This week’s headline story of award-winning New York Times columnist Charles Blow’s son—a student at Yale—being accosted by police with drawn guns further illustrates the heartbreaking truth that respectability politics won’t save black lives: Just as wearing a suit did not keep Martin Luther King, Jr. from being assassinated, being a student at Yale does not protect black Americans from being harassed and assaulted.
A study revealed that cars are twice as likely not to yield for black pedestrians crossing in a clearly marked crosswalk.
Just last week, 62-year-old black grandfather and legal gun owner Clarence Daniels was shopping at Walmart when he was tackled, restrained, and put in a chokehold by three white men who saw his legally concealed firearm and suspected him of being a criminal—while he shopped for coffee creamer. Even pedestrians crossing the street are subject to racial bias: A study revealed that cars are twice as likely not to yield for black pedestrians crossing in a clearly marked crosswalk. Respectability is worthless—student, grandfather, law-abiding citizen—when there is active (and violent) racial bias.
The thing is, the North Miami Beach police aren’t the only ones using black faces as target practice. Fear of blackness is reinforced by mass media, in which white killers are portrayed more sympathetically than black victims; in which black men are continually portrayed as violent, one-dimensional gangsters; and in which black women are still vastly underrepresented in roles outside servants or dangerous, angry “ghetto girls.” It’s why when white people commit a crime but try to pin it on someone else they often choose a black scapegoat—and why they’re so often believed. We’re part of a culture that demonizes and vilifies black people as young as 10 years old.
Actor Jesse Williams has taken to Twitter and television to speak about police brutality and the way it targets black Americans, extending the conversation into the representation of minorities in media and the harm it does when those representations are dehumanizing:
There is certainly a double standard of Whiteness and a bit of an ownership mentality in this country that rears its ugly head when we get into crime or incidents that happen that involve Brown people. Victims of these shootings are immediately vilified on screen and in the media and the online networks, trying to justify putting these boys on trial for their own murder and they are always found guilty of their own murder. And we don’t feel that that’s what happens when white people shoot up schools or theaters. They are immediately just trying to be explained, get to the bottom of it, and interview people around them. Find out what happened. It feels imbalanced, because it is imbalanced. There is a disproportionate representation of low income Black folks in media. … All these things create an imbalance.
We should remember this demonization of black people—whether young or old, male or female—when police take the lives of unarmed civilians: The police, like all of us, have been born and bred on a media culture that feeds us the myth of White Heroes and Black Thugs. With testimonies like that of George Zimmerman and Darren Wilson, Americans are persuaded to believe that it’s scary being a cop (or a neighborhood watchman) and scary being face-to-face with black men. But what are we supposed to believe when police officers are caught using pictures of black men as target practice in the shooting range? That doesn’t sound like fear: It sounds like hate. It sounds like the ideological construction of an enemy. The North Miami Beach officers have also claimed to have photos of Osama bin Laden in the range as a target. Is this how officers are molding their vision of the civilians they are sworn to protect? By equating them with terrorists?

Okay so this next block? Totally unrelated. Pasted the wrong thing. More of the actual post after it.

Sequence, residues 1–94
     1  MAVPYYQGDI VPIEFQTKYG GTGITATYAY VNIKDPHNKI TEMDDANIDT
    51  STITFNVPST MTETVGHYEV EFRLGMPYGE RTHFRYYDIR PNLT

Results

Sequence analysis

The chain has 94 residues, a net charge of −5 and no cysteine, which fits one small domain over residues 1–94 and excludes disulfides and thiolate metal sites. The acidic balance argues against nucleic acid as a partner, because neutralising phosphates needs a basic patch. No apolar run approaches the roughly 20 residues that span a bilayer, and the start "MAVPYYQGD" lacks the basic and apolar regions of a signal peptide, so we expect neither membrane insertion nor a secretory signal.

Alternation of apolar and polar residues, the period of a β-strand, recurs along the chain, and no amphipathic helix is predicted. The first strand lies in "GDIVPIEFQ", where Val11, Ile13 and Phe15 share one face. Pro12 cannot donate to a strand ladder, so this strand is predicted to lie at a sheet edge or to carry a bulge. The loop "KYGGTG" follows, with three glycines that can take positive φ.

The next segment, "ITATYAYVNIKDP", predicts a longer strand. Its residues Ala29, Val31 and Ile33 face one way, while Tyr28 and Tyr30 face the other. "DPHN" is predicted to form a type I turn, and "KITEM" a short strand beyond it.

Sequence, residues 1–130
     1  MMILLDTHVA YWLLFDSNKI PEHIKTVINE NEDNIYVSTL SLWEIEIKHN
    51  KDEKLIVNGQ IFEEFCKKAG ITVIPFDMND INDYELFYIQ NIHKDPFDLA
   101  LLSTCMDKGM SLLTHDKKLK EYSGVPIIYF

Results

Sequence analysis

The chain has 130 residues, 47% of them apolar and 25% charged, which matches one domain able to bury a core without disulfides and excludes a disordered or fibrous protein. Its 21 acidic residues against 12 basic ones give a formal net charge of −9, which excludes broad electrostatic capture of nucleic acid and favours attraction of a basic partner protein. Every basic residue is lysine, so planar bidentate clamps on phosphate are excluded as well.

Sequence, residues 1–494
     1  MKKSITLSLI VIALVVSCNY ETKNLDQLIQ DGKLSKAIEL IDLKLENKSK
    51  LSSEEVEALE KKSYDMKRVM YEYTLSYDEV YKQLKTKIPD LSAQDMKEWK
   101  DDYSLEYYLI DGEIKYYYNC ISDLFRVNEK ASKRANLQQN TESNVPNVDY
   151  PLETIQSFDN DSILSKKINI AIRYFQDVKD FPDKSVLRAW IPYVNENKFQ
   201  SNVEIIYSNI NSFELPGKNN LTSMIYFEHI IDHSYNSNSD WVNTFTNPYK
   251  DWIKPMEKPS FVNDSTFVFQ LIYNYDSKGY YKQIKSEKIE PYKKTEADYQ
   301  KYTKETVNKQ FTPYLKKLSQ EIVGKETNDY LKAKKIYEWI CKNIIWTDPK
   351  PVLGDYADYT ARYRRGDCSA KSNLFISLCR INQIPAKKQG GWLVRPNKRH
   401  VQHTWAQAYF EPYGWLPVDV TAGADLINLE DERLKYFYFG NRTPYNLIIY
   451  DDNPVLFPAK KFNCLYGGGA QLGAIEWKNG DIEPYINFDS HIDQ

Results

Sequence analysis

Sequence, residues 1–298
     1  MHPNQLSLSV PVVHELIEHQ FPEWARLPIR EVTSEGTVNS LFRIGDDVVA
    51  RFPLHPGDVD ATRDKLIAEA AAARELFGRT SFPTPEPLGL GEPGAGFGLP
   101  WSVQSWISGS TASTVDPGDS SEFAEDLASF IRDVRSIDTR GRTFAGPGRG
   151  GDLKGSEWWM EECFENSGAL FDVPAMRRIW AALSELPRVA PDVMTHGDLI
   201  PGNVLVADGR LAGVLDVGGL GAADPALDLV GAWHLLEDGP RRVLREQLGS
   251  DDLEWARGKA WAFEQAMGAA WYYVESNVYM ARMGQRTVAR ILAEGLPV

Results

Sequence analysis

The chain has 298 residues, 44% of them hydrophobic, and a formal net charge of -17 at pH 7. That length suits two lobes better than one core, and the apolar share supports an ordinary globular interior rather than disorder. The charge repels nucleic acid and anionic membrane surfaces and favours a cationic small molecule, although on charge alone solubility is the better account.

That doesn’t sound like fear: It sounds like hate.
A recent study found that police officers come out of the police academy already having a bias toward use of force, and that there is alarming correlation between race and perceived threat. But what of police who thrill themselves with this perception of threat? Literally training their eye in the shooting range to see a black face and shoot? Is it really fear triggering the gun, or is it the result of a well-practiced drill?
Like in the Implicit Association Test, in which the test taker must quickly choose whether to apply “bad” and “good” words to black or white people (pain, joy, horrible, pleasure) in the blink of an eye, in which all our prejudices are tested, perhaps police like those in North Miami Beach are underestimating what they teach their own brains when they tape up pictures of black boys to gun down. What it comes down to is that we are supposed to believe police officers’ fear because we are supposed to believe that people with black skin are to be feared. We are sold the officers’ fear and convinced to ignore the fear of being black in America, born with a target painted on one’s face.
We are sold the officers’ fear and convinced to ignore the fear of being black in America, born with a target painted on one’s face.
You’re reading this, and perhaps you’re asking yourself, “Who is we?” “We” is certainly white people: We whose thoughts of crime and danger are triggered at the mere sight of a black man, and we who are more likely to advocate for punitive laws if the population being punished is black. However, that “we” is not limited to white people: The message that black folks are “bad” and deserve what they get is swallowed by black children, who even now 60 years after Brown v. Board of Education, when presented with a black doll and a white doll and asked to indicate which doll is “bad,” choose the black doll. Jesse Williams said, “Violence takes; it steals immeasurably.”
He’s right. Using black faces as target practice not only sets the stage for the further loss—no, theft—of black life, but it steals something else too: humanity. When we say #BlackLivesMatter, we can’t only be referring to the right to safety from state-sanctioned murder. We must also mean safety of the spirit. Allowed to cross the street. Free to buy coffee creamer. Free to be a student. Free to be children. We must also mean that black lives deserve to be whole, healthy, and human.
Black lives matter. We must say it until our throats are hoarse. The alternative is what? Silence? When we’re talking about the killing of human beings, silence is consent. Silence is unacceptable.
Olivia Cole is an author and blogger, contributing to the Huffington Post, xoJane, and others. She is the author of A Conspiracy of Stars.